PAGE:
When we mention the word 'economy' - it is often tied to the economy of the world, of countries, even companies.
Hardly, if ever, do we link it to our own finances. Now, perhaps we should. Your personal economy represents the health of your financial life. It incorporates all the things you value most - your family, your home, your passions, your work, your experiences, your legacy. Simply put, your personal economy is how you use your finances for all the things that matter to you.
No two personal economies are alike, as it is shaped by your views on life, belief systems and the methods you use to ensure your personal economy thrives. While each individual's personal economy is unique, HSBC has found some aspects that are common and bind all personal economies. Let's look at three of them.
It's an idea, a concept that ties and keeps everything else in balance. A home may be the place where we work in, the collection of our fondest childhood memories or where we provide room for our children to create memories of their own. A home has so many expectations to fulfill. It's no wonder that we invest so much time, money and effort creating the one that's right for us.
For one, it could be setting up a charitable organisation or buildinga business to hand down the family line. For another, it may be a volume of lovingly hand-written nourishing recipes. No matter its form, a lasting legacy leaves a powerful impression on whoever succeeds you. A legacy is no longer thought of as simply the material wealth you leave behind. It casts a much wider net to include your values, experiences and impact on the community. In this way, legacy can be seen as the most subjective element of your personal economy, a unique configuration of the tangible and intangible, the past, the present and the future.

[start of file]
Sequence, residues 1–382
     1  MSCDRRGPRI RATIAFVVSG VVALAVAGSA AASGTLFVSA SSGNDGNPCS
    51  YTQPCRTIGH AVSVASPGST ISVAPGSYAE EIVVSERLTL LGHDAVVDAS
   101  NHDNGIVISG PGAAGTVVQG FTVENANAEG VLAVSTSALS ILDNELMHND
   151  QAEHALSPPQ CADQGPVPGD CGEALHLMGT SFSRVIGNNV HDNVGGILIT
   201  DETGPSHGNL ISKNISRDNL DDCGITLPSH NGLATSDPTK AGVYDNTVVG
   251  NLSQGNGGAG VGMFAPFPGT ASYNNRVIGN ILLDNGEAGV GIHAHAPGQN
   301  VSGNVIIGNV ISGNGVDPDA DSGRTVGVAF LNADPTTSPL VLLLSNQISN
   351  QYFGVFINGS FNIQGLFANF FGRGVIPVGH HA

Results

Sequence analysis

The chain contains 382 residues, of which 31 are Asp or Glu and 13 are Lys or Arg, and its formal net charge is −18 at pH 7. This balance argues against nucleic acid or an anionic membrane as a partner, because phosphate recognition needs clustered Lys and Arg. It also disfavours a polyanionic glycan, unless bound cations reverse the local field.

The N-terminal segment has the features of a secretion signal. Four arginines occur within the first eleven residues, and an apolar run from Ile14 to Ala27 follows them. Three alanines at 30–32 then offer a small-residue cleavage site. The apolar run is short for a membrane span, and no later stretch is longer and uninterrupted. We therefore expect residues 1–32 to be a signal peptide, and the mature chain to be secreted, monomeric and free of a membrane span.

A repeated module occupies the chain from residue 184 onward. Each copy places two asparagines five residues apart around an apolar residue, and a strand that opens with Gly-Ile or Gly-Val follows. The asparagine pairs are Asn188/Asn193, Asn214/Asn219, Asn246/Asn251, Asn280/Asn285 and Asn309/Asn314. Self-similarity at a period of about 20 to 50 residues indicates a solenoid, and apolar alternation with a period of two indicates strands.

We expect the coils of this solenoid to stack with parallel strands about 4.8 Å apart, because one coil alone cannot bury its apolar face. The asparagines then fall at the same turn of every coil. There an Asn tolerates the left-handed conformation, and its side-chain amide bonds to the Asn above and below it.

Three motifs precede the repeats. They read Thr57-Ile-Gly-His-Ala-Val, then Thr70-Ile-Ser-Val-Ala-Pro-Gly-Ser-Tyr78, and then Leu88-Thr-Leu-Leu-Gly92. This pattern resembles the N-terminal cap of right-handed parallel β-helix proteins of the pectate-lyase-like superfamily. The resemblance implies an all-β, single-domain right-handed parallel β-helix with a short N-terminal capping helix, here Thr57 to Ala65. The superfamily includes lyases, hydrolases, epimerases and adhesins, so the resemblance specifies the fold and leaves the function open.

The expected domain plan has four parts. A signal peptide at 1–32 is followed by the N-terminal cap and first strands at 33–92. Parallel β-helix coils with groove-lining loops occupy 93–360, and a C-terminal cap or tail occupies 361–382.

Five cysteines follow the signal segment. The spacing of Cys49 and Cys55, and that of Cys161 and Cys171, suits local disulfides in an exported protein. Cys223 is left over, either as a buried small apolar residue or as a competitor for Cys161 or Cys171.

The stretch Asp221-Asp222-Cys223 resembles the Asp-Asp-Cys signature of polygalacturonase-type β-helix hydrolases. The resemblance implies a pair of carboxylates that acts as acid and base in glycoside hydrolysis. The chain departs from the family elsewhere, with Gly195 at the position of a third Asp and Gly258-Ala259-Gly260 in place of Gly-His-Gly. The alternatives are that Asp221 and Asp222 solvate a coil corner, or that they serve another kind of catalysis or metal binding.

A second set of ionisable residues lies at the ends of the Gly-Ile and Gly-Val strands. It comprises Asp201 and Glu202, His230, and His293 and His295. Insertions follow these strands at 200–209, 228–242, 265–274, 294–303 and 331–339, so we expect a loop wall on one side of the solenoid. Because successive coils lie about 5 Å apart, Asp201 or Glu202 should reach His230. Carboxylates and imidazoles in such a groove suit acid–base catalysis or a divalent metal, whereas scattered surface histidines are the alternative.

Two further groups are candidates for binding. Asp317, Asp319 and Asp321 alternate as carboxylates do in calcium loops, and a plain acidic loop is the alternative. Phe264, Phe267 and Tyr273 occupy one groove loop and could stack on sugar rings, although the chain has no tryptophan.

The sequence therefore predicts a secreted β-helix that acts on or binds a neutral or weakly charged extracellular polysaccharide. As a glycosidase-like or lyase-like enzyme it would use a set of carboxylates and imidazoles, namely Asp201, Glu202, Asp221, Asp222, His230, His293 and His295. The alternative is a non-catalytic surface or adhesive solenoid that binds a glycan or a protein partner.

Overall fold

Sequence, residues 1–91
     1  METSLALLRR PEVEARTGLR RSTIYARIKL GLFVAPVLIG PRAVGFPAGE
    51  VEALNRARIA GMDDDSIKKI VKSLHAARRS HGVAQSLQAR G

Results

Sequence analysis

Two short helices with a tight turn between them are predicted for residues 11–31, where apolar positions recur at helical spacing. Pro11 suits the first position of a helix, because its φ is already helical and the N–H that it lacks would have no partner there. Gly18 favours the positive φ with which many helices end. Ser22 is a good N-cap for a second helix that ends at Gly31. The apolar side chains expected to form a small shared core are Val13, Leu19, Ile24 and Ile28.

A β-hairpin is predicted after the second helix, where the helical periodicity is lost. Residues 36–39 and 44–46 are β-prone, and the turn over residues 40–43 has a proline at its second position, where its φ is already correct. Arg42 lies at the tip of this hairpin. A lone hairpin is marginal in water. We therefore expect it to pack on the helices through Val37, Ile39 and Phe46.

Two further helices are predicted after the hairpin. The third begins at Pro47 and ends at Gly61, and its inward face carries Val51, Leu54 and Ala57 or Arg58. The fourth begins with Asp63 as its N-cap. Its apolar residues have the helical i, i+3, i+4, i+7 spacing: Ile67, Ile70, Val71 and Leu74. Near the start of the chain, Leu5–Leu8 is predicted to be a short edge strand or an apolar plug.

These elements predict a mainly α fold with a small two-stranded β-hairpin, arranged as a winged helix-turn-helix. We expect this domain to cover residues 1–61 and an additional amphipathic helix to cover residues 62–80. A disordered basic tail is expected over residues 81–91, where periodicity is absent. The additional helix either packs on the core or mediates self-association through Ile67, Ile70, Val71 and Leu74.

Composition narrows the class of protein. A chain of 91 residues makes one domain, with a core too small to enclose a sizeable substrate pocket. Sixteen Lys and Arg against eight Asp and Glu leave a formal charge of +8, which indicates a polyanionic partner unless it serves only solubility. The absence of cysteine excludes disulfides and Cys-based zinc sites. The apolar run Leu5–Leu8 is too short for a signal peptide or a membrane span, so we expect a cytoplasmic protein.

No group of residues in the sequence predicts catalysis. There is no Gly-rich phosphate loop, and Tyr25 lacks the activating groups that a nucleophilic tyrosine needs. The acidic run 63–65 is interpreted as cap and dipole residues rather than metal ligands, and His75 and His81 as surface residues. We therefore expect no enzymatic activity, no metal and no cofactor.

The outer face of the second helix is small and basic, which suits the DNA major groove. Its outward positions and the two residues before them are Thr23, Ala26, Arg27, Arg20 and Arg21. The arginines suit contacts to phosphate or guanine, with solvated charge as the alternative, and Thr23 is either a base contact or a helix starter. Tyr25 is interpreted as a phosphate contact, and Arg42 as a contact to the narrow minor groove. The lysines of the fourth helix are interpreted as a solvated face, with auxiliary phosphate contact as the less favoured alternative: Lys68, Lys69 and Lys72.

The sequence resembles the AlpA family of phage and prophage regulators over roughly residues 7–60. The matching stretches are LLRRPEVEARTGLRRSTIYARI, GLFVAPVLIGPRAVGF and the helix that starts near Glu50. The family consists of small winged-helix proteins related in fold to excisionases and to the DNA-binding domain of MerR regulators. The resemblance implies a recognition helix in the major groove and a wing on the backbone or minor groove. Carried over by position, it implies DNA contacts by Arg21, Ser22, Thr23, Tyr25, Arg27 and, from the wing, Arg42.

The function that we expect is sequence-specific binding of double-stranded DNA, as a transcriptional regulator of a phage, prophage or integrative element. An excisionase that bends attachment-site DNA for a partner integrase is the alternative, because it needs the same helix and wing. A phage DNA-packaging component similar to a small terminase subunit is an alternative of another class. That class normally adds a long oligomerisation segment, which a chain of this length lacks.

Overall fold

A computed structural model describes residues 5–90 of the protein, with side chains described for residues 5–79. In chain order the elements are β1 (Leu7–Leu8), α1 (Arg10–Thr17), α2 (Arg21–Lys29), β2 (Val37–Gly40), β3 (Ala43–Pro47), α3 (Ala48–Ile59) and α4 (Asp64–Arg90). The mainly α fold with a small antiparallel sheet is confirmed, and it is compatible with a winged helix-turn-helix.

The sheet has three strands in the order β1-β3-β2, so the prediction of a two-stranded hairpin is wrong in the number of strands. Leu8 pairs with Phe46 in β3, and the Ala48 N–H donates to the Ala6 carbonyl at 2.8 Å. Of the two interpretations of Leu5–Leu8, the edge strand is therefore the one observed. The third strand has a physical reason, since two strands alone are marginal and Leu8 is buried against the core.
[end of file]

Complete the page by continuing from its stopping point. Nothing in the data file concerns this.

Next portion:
And now more than ever, our definitions of family are increasingly diverse. For instance, the traditional view of women being the default stay-at-home parent is beginning to shift, with more fathers now choosing to stop work to take care of the children.1 Besides that, the family structure is also influenced by technology, making it possible for family members to live apart, yet remain close via technology. And who says family members need to be human? Some regard their pets as one of the family. Yet even with diverse interpretations of how a family runs, the truth remains that your family's happiness and success motivates this core aspect of your personal economy.
What about your personal economy?
What influences it and how can you make it thrive?
Your personal economy, just like any economy, is complex, dynamic and always changing. It may require constant care and attention to keep it in balance. We at HSBC Premier recognise that your needs are different from others and would like to invite you to discover a unique experience that is tailored to your personal economy. We can do this better than anybody else, in 4 ways:
Talk to your Relationship Manager today for insights on how to keep your personal economy moving and receive the support you need to grow it. For more information on personal economy, please visit www.hsbcpremier.com.my
Sources: 1The Varnier Institute of the Family, "Fathers in Canada" June 2012